Telehealth to Reach 1.8 Million Patients by 2017; Diabetes Cases in Majority

Telehealth could reach as many as 1.8 million patients worldwide by 2017, as more and more healthcare organizations use it as a means toward reducing readmission rates and tracking disease progression, according to a report from InMedica, a division of IMS Research.

Studies show that an estimated 308,000 patients were remotely monitored by their healthcare provider for congestive heart failure (CHF), chronic obstructive pulmonary disease (COPD), diabetes, hypertension and mental health conditions worldwide in 2012. The majority of these patients were post-acute patients who had been hospitalized and discharged.

Telehealth has also been used to monitor ambulatory patients — those diagnosed with a disease at an ambulatory care facility but not hospitalized. But almost twice as many post-acute patients (140,000) than ambulatory care patients (80,000) were estimated to have been remotely monitored in the United States in 2012, given that the majority of ambulatory care patients are only considered for home monitoring following hospital discharge to prevent readmission.

Other key findings from the report include the following:

  • CHF currently accounts for the majority of telehealth patients; in addition to being one of the highest cost burdens for hospitalization, the clinical outcomes of telehealth for CHF patients are most established.
  • The number of telehealth patients with COPD is also projected to increase as telehealth continues to expand to respiratory diseases.
  • By 2017, diabetes is forecast to account for the second largest share of telehealth patients, overtaking COPD. Home monitoring of glucose levels for diabetes patients is more established through personal glucose monitors. There is an increasing drive to integrate these monitors with telehealth systems, allowing caregivers access to patient glucose data.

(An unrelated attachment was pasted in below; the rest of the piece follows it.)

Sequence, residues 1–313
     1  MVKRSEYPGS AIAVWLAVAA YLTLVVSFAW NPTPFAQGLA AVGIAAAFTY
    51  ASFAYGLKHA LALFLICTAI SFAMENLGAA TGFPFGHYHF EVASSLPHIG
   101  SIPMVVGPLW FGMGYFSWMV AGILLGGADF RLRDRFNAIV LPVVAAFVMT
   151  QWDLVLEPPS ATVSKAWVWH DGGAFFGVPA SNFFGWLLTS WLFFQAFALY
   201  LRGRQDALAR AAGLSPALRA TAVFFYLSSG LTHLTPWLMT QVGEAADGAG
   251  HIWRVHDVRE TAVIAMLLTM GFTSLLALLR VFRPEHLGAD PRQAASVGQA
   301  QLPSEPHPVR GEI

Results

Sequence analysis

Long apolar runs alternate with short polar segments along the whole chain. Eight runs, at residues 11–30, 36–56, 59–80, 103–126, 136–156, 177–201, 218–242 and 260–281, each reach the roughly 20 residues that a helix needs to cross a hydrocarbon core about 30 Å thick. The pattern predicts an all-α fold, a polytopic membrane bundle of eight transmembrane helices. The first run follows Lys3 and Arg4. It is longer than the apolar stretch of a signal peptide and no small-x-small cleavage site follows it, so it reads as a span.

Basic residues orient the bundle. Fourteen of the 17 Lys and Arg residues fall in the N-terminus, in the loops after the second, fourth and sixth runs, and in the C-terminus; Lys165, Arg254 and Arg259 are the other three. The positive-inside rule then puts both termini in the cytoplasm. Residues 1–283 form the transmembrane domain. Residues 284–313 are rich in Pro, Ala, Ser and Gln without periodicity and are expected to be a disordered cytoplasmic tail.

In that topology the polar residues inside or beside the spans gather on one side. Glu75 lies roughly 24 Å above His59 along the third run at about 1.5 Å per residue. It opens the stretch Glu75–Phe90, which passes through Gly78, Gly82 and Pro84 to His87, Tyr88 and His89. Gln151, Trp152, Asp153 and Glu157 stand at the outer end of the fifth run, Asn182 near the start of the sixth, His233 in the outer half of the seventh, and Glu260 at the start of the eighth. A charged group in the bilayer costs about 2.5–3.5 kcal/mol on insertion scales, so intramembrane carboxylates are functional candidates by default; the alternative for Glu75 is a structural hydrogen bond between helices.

The report also cites four main drivers of telehealth demand over the next five years, including:

  • Federal-driven demand: Readmission penalties introduced by CMS are driving providers to adopt telehealth as a means of reducing readmission penalties. It is also considered a cost-saving measure.
  • Provider-driven demand: Patient engagement and care is prompting many healthcare providers to increase their use telehealth.
  • Payor-driven demand: Telehealth is being increasingly used by insurance providers to reduce their inpatient payments and increase their competitiveness by working directly with telehealth suppliers to monitor their patient base.
  • Patient-driven demand:Patient-driven demand is mostly limited to rural/non-metropolitan areas where there is a poor availability of clinics and physicians. But as fitness awareness increases and consumers adopt personal devices to track their fitness, they will also increasingly seek professional devices to remotely track disease state.

Source: InMedica, January 20, 2013

Telemedicine Technologies: Information Technologies in Medicine and Telehealth

Telemedicine Technologies: Information Technologies in Medicine and Telehealth focuses on how medical information can be reliably transmitted through wireless communication networks. It explains how they can be optimized to carry medical information in various situations by utilizing readily available traditional wireless local area network (WLAN) and broadband wireless access (BWA) systems.

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